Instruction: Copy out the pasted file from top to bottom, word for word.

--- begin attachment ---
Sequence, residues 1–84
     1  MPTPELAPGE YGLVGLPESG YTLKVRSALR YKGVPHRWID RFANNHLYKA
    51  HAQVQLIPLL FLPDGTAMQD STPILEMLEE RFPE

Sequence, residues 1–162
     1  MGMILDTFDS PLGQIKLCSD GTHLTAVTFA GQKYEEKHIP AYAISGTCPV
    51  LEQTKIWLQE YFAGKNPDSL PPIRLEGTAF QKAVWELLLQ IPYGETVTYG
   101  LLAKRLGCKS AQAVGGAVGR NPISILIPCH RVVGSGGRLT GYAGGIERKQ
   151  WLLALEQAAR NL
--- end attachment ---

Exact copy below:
Sequence, residues 1–84
     1  MPTPELAPGE YGLVGLPESG YTLKVRSALR YKGVPHRWID RFANNHLYKA
    51  HAQVQLIPLL FLPDGTAMQD STPILEMLEE RFPE

Sequence, residues 1–162
     1  MGMILDTFDS PLGQIKLCSD GTHLTAVTFA GQKYEEKHIP AYAISGTCPV
    51  LEQTKIWLQE YFAGKNPDSL PPIRLEGTAF QKAVWELLLQ IPYGETVTYG
   101  LLAKRLGCKS AQAVGGAVGR NPISILIPCH RVVGSGGRLT GYAGGIERKQ
   151  WLLALEQAAR NL